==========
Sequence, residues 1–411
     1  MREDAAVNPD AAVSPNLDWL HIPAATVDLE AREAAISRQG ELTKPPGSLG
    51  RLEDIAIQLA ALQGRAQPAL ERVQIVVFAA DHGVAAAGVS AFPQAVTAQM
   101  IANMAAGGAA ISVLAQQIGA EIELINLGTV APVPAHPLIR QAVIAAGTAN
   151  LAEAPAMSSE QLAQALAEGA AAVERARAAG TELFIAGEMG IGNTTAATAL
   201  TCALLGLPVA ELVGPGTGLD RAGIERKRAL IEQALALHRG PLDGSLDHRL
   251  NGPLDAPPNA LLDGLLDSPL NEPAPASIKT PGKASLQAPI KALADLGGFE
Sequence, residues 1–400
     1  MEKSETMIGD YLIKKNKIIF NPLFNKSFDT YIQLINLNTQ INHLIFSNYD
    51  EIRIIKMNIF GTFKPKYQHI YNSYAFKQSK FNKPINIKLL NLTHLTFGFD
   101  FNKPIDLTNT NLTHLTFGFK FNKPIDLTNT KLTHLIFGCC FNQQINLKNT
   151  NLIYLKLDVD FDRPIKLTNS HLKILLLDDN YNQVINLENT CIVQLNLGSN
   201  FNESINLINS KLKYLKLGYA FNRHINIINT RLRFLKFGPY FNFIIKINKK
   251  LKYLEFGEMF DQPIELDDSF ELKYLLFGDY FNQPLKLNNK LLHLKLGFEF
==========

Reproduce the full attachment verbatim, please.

Sequence, residues 1–411
     1  MREDAAVNPD AAVSPNLDWL HIPAATVDLE AREAAISRQG ELTKPPGSLG
    51  RLEDIAIQLA ALQGRAQPAL ERVQIVVFAA DHGVAAAGVS AFPQAVTAQM
   101  IANMAAGGAA ISVLAQQIGA EIELINLGTV APVPAHPLIR QAVIAAGTAN
   151  LAEAPAMSSE QLAQALAEGA AAVERARAAG TELFIAGEMG IGNTTAATAL
   201  TCALLGLPVA ELVGPGTGLD RAGIERKRAL IEQALALHRG PLDGSLDHRL
   251  NGPLDAPPNA LLDGLLDSPL NEPAPASIKT PGKASLQAPI KALADLGGFE
Sequence, residues 1–400
     1  MEKSETMIGD YLIKKNKIIF NPLFNKSFDT YIQLINLNTQ INHLIFSNYD
    51  EIRIIKMNIF GTFKPKYQHI YNSYAFKQSK FNKPINIKLL NLTHLTFGFD
   101  FNKPIDLTNT NLTHLTFGFK FNKPIDLTNT KLTHLIFGCC FNQQINLKNT
   151  NLIYLKLDVD FDRPIKLTNS HLKILLLDDN YNQVINLENT CIVQLNLGSN
   201  FNESINLINS KLKYLKLGYA FNRHINIINT RLRFLKFGPY FNFIIKINKK
   251  LKYLEFGEMF DQPIELDDSF ELKYLLFGDY FNQPLKLNNK LLHLKLGFEF